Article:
scottfavareille
scottfavareille on September 19, 2005 at 1:07 pm

According to today’s San Francisco Chronicle, in an article about the closing of the Park Theater in Lafayette (also operated by Renaissance Rialto), it mentions that Rialto may give up on the Orinda when its lease is up a year from now. Not good news. (The Park Theater listing on Cinema Treasures has a link to the article.)

jfrentzen
jfrentzen on May 10, 2005 at 9:55 pm

I grew up in Orinda in the late 1960s and 1970s, so this was my primary movie cavern. At the time, the theater was growing a bit “long in the tooth” but the auditorium was very magical. It sounds as though the restoration was successful. The place really was starting to fall apart, but it was an enchanting plan to escape for this youngster and it became an integral part of growing up.

gsmurph
gsmurph on April 27, 2005 at 11:51 am

Though the Orinda was not physically split in the process of adding the two additional screens, it should probably be considered a “Triplex” and its seating capacity adjusted accordingly.

teecee
teecee on April 2, 2005 at 8:44 am

Evening photo of marquee:
View link

teecee
teecee on March 3, 2005 at 3:24 pm

Jan 17, 2003 article from the San Franciso chronicle:
View link

aipo
aipo on February 15, 2005 at 4:49 pm

I grew up in Orindaâ€"and hated it, try being one of the lone Jews among the WASPS in the 70s, but at the theater, staring at the walls painted with long-haired women, soaring upwards against blue and stars… I could forget for awhile.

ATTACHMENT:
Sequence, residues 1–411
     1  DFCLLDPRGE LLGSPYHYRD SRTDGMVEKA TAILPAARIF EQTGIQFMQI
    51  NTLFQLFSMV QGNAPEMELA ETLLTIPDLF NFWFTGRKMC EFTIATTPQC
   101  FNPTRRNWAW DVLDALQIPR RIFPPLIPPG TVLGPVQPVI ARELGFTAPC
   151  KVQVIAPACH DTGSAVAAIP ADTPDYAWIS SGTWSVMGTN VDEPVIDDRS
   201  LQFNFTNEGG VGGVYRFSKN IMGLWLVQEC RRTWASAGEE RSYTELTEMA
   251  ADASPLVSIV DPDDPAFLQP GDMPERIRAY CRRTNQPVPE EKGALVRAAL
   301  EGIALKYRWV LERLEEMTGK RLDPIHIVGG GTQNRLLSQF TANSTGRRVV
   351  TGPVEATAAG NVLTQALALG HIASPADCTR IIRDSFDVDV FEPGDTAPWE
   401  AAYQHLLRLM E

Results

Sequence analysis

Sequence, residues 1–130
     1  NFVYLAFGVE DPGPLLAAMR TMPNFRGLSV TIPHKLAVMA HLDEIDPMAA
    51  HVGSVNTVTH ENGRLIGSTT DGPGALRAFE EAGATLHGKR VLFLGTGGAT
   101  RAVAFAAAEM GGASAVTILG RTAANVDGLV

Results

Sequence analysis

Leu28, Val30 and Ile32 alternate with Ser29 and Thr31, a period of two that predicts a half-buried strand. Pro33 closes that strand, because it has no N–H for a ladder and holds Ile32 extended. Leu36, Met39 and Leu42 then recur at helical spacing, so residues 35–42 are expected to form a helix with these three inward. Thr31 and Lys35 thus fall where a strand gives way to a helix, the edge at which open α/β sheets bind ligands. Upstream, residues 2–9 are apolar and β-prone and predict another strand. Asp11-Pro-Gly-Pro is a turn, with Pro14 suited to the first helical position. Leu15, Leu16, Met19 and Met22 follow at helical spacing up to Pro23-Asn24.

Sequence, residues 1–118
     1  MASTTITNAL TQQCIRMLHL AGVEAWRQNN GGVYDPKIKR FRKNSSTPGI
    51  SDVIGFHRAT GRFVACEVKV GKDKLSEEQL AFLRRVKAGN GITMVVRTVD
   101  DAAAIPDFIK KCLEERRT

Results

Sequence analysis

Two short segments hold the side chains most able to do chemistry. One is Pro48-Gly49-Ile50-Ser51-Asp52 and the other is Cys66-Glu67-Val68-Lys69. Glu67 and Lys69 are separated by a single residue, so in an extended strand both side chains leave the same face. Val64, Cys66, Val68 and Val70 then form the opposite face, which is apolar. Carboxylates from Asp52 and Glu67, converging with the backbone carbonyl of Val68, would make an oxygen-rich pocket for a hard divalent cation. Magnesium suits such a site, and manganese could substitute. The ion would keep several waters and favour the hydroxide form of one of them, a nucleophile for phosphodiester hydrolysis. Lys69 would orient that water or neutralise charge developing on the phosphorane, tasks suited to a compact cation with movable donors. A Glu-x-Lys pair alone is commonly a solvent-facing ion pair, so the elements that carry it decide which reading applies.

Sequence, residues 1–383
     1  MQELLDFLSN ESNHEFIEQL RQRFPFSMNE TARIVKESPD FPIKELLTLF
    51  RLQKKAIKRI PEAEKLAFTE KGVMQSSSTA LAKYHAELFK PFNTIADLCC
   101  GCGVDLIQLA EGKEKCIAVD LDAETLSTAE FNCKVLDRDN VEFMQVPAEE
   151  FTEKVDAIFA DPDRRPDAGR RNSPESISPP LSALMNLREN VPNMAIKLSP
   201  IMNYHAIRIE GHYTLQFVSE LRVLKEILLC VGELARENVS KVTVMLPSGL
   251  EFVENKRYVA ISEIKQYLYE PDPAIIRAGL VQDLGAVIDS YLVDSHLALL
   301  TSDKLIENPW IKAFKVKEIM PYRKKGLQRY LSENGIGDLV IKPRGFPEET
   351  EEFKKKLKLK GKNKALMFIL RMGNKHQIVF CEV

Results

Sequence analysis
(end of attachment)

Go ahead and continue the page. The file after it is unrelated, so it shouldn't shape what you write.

Ken Roe
Ken Roe on December 13, 2004 at 12:44 pm

The Orinda Theater opened on 27th December 1941 with a seating capacity of 834.

stefoscope
stefoscope on December 10, 2004 at 5:12 pm

This is one of the finer examples of deco in the Bay Area. The vertical neon sign, and the theatre’s main auditorium have been beautifully restored. The lobby is warm and inviting, with it’s etched-glass doors, plush carpeting, and chandeleirs. The main (original) auditorium is stunning. Beautiful original murals adorn the walls. A classy plush curtain hangs in front of the stage and the colors and lighting inside, remind you that you are indeed going out to see a movie (not in front of a TV).

The other two, added, auditoriums are not quite as impressive. The decoration in them is nice, but does not stand out like the main one’s does. Their screens are quite small, and frankly, if the movie I wanted to see was not playing in the main auditorium, I wouldn’t bother. Regardless though, this is a true class act of a theatre. A good example of an older theatre being tastefully rejuvinated.

petecrooks
petecrooks on December 9, 2003 at 12:15 pm

Love the Orinda. Always the first choice to see a first run in the East bay. Also the sithe of the two year old Orinda Film Festival, which has guested Faye Dunaway and Jacqueline Bisset in its first two years!